Study: 1 in 5 Youth at Risk for Suicide Have a Gun at Home

<a href="http://www.shutterstock.com/cat.mhtml?lang=en&search_source=search_form&search_tracking_id=ge9fUNVI9bq6YEcGQgeQBg&version=llv1&anyorall=all&safesearch=1&searchterm=suicide&search_group=&orient=&search_cat=&searchtermx=&photographer_name=&people_gender=&people_age=&people_ethnicity=&people_number=&commercial_ok=&color=&show_color_wheel=1#id=107755838&src=nzU2fJUC5Q_GRaR3uMRo5w-1-4">Rob Hainer</a>/Flickr

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A new study by leading pediatricians has found that nearly 20 percent of young people between the ages of 10 and 21 who are considered to be at risk for suicide have guns in their homes. The study is being presented Monday at the annual Pediatric Academic Societies meeting in Washington, following a symposium held Saturday that also addressed youth gun suicides, media violence, and gun violence prevention.

For the study, 524 patients were surveyed using a standard suicide assessment screening: 17 percent of the 151 patients determined to be suicide risks said they lived in a home with guns; 31 percent said they knew how to access the guns, and the same number said they knew how to access ammunition; 15 percent said they could get their hands on both.

According to the Centers for Disease Control and Prevention, suicide is the third leading cause of death of people between the ages of 10 and 24. Among that age group, guns are the top method of suicide. Research elsewhere suggests that having access to guns increases the likelihood that suicidal people will actually kill themselves.

In 1996, the National Rifle Association successfully lobbied for an amendment to an appropriations bill that gutted the CDC’s gun violence research budget. “None of the funds made available for injury prevention and control…may be used to advocate or promote gun control,” the amendment read. Since its passage, the agency has been almost entirely absent from gun research, leaving such studies up to others. This January, President Obama announced plans to direct the CDC to resume studying the causes and prevention of gun violence.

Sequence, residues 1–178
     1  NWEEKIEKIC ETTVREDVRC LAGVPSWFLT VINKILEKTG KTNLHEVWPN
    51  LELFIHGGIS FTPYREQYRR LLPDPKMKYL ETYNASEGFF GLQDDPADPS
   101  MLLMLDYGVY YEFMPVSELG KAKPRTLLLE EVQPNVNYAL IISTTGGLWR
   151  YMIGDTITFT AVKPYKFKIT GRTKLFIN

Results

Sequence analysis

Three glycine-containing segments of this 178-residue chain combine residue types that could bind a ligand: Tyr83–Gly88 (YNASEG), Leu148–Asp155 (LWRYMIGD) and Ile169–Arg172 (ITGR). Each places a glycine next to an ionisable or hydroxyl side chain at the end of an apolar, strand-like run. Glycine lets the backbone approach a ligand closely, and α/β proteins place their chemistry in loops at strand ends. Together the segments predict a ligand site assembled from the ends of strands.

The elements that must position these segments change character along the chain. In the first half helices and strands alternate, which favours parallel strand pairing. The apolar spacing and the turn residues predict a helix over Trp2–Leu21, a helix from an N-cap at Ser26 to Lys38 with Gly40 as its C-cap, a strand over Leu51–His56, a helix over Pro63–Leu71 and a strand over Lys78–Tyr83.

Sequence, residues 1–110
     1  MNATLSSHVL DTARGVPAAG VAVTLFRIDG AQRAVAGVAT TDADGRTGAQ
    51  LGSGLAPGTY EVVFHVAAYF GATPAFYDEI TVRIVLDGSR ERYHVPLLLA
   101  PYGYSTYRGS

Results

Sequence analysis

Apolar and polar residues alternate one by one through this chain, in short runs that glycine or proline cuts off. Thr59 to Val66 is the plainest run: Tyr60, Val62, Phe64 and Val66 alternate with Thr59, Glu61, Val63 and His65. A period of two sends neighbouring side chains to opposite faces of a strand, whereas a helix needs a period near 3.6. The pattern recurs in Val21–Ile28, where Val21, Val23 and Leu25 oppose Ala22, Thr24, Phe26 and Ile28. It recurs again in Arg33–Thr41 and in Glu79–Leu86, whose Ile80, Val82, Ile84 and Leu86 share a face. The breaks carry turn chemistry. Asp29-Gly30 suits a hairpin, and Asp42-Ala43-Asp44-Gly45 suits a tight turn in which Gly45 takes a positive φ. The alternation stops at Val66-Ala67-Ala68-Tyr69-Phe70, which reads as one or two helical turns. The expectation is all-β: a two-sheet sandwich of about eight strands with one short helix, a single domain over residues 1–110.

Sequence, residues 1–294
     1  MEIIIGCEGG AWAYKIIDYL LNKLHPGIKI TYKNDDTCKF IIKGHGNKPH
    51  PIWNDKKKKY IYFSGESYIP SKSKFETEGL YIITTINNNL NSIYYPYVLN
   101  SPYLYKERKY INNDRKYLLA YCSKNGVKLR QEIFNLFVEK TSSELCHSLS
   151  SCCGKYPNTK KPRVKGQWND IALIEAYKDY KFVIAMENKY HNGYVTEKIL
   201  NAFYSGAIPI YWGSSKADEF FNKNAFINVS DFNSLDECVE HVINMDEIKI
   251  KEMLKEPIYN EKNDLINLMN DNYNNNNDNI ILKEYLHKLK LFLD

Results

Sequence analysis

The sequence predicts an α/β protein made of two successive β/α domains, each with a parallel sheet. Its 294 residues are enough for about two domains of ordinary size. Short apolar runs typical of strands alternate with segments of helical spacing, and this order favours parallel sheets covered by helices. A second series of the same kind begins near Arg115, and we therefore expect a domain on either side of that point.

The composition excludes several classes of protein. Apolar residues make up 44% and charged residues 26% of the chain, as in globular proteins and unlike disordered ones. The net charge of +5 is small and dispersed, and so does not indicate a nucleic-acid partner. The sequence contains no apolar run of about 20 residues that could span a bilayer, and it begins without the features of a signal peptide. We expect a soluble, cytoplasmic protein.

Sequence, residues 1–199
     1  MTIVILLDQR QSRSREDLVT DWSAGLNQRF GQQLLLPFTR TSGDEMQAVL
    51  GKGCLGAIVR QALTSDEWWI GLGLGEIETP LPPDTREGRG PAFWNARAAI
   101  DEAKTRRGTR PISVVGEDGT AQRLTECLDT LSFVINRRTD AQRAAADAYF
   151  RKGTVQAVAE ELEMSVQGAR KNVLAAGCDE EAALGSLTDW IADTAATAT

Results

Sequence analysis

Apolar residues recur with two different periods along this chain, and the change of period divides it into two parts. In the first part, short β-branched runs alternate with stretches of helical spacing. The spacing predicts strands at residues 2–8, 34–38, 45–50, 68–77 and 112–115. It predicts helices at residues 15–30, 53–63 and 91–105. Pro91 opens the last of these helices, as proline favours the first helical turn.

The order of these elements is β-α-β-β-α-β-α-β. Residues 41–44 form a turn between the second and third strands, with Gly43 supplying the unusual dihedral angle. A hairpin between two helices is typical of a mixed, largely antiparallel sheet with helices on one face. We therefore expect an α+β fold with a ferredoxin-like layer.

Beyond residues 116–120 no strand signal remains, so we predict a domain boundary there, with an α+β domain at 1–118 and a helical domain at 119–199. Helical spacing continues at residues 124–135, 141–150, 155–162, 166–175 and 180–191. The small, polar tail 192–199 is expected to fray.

Gun rights advocates and groups like the NRA have continued to argue that gun violence studies are politically motivated, and might build a case for greater gun control. After the Tucson shooting in 2011, for instance, NRA chief lobbyist Chris Cox told the New York Times, “Our concern is not with legitimate medical science. Our concern is they were promoting the idea that gun ownership was a disease that needed to be eradicated.” Some have even argued that Obama’s move to restart the research is illegal.

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DEMOCRACY DOES NOT EXIST...

without free and fair elections, a vigorous free press, and engaged citizens to reclaim power from those who abuse it.

In this election year unlike any other—against a backdrop of a pandemic, an economic crisis, racial reckoning, and so much daily bluster—Mother Jones' journalism is driven by one simple question: Will America move closer to, or further from, justice and equity in the years to come?

If you're able to, please join us in this mission with a donation today. Our reporting right now is focused on voting rights and election security, corruption, disinformation, racial and gender equity, and the climate crisis. We can’t do it without the support of readers like you, and we need to give it everything we've got between now and November. Thank you.

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